Workflow for contributing to our JupyterBook (or any GitHub project)#

Modeled after NASA OpenScapes Cookbook.

Your workflow can be from whatever software you are most comfortable with: you can develop chapters working in an integrated development environment (IDE) like RStudio or Spyder, notebook interface like JupyterLab, or a text editor. You’ll develop content like you normally would, executing all code like you normally would as you develop your .ipynb , .Rmd, and .md files. By default, when we build the JupyterBook it will not execute code in Jupyter notebooks, you need to have already excuted when you save for the outputs to show in the book.

Then, when you’re ready to update your contribution in the JupyterBook, JupyterBook will combine all the files to make the JupyterBook (or other books like it!). Below is a full workflow but depending on how you’re contributing, you may have more focus on different parts of it.

Quickstart reference#

Summary of GitHub commands detailed here

## check which branches exist, where you are, and pull recent from main branch
git branch
git checkout main
git pull

## create and switch to new branch
git checkout -b newbranchname

## develop content: write prose in markdown, code in R and Python
## render your content to check for problems after you have loaded the cryocloud environment
jupyter-book build yourbookname/

## commit changes
git add filename (or --all)
git status
git commit -m "my commit message here"

## push changes
git push -u origin newbranchname  # connect your branch to and push

## create a pull request
## from, create a pull request, and add a `preview` label to the pull request. Once it passes 
all tests, a reviewer signs off on it, and it is merged, delete your branch.

## delete branch
git checkout main           # switch to the main branch
git pull                    # pull merged updates from
git branch -d newbranchname # delete old local  branch

## other useful github commands
git mv filename newfilename # rename while keeping git history for file
git rm filename             # delete file
git rm -r directoryname     # delete directory
git log                     # show commit logs
git status                  # the state of the working directory and the staging area - which changes have been staged, which haven’t, and which files aren’t being tracked by Git. Status output does not show you any information regarding the committed project history. For this, you need to use git log.

## GitHub Workflow {#github-workflow}

First let's talk about the GitHub part of the workflow.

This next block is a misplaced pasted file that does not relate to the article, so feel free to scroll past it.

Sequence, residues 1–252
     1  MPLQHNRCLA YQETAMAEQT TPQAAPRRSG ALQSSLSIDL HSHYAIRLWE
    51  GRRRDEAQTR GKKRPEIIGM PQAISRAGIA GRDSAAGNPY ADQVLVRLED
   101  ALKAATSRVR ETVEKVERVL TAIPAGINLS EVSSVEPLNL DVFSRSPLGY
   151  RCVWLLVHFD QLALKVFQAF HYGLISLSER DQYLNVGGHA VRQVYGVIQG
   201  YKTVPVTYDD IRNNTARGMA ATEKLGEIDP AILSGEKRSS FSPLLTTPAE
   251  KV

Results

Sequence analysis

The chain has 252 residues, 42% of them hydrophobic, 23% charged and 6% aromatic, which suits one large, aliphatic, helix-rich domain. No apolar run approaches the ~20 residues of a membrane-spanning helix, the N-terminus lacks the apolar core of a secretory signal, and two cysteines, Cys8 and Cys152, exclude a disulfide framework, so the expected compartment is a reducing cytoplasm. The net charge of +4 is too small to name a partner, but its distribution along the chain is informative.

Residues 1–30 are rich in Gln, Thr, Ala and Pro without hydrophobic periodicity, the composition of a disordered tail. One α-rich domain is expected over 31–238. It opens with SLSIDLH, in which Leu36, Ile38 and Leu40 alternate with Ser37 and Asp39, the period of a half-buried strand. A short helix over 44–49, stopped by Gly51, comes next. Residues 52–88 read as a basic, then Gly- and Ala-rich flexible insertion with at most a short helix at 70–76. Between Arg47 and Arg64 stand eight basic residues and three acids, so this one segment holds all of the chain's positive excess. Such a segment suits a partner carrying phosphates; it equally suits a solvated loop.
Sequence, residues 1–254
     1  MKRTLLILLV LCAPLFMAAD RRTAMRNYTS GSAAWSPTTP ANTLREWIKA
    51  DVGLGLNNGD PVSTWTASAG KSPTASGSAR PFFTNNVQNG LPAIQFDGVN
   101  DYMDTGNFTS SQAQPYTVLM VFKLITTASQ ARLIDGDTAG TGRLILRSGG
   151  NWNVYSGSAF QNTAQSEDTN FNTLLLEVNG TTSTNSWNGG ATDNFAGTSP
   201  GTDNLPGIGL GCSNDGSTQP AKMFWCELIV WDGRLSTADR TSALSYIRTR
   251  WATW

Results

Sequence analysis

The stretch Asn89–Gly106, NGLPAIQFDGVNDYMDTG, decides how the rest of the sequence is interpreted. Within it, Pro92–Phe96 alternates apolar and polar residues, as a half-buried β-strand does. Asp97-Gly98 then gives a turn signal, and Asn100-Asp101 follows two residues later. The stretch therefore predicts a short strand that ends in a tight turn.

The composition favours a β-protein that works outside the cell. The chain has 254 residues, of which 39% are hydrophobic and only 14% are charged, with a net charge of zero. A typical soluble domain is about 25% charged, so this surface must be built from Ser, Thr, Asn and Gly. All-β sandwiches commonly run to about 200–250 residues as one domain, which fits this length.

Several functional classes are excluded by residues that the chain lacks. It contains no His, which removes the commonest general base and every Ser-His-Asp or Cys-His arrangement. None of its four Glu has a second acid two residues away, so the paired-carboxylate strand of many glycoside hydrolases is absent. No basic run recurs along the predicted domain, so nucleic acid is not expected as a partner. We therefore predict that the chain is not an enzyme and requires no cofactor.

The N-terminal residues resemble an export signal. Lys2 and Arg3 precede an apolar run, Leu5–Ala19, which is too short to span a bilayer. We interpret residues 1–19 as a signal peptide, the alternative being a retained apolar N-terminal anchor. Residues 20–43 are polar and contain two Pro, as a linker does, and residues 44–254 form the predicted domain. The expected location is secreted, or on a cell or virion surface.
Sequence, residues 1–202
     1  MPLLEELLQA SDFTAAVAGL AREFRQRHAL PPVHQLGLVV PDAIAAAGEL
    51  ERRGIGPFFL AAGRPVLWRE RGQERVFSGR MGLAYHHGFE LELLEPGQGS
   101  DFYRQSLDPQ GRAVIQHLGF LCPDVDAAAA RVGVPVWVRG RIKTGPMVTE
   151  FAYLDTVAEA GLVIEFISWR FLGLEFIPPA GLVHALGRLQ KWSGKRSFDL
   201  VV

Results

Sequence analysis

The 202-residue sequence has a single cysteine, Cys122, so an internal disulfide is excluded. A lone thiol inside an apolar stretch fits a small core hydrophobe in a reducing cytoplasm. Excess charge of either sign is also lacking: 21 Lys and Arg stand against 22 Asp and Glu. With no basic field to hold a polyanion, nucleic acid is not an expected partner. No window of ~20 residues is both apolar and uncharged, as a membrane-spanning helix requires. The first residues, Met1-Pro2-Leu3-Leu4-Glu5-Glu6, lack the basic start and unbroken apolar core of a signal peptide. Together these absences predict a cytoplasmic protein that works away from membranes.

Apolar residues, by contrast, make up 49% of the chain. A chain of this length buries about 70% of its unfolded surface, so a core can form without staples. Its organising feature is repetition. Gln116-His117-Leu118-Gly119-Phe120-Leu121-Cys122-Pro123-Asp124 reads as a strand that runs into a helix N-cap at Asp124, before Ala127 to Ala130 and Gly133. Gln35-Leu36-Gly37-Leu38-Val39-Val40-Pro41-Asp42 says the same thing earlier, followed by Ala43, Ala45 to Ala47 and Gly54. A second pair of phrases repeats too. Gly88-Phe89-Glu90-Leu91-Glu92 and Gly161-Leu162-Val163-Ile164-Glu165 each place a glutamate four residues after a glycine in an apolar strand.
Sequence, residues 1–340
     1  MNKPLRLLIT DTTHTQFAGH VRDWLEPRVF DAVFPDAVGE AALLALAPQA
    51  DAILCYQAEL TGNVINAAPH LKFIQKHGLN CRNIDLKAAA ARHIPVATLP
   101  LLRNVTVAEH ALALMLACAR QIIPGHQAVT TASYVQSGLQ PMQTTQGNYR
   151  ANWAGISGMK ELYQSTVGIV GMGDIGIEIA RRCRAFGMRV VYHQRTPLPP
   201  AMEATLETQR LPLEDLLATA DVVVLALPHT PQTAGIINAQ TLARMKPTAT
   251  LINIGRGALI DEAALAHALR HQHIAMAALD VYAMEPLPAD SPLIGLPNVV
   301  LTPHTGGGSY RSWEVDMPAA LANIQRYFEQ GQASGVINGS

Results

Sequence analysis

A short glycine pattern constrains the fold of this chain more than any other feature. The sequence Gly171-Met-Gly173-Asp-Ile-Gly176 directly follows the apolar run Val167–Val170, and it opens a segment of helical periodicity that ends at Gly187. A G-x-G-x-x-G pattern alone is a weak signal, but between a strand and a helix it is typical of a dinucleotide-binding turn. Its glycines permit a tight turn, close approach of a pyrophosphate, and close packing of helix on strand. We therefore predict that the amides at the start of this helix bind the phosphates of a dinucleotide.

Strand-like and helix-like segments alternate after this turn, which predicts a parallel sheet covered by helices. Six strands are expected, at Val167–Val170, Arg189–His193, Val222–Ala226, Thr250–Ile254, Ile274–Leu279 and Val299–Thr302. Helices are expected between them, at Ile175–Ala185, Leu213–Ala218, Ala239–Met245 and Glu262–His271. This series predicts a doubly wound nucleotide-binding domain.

We will work in branches so as to not overwrite each other's work, and
let GitHub do what it does best.

The `main` branch will be the current approved version of the book. The
main branch is what displays at <>.

A nice clean workflow with branches is to consider them temporary. You
pull the most recent from `main`, you create a branch locally, you make
your edits, you commit regularly, you push regularly to, and
then you create a pull request for it to be merged into `main`, and when
it's approved the branch is deleted on and you also delete it
locally. That's the workflow we'll walk through here. A great resource
on GitHub setup and collaboration is the ICESat-2 Hackweek [Git and GitHub 
tutorial notebooks and video records]
by Fernando Perez, Fernando Paolo, Shane Grigsby, and Daniel Shapiro, which 
includes fantastic background philosophy as well as bash commands for setup, 
workflows, and collaboration.

**The following assumes you've completed the initial setup (*under production*) from the previous chapter.

### Branch setup

First off, check what branch you're on and pull the most recent edits
from the main branch. If you need to switch branches, use
`git checkout`. \*Note: a new alternative to `git checkout` is
`git switch` (see [this
when you updated git consider using it here instead too.

``` bash
git branch          # returns all local branches
git checkout main   # switch branch to main
git pull            # pull most recent from the main branch

If you are already on the main branch, git will tell you, and that’s fine.

(If you have any residual branches from before, you’ll likely want to start off by deleting them — assuming they were temporary and have been merged into You can delete a branch with git branch -d newbranchname).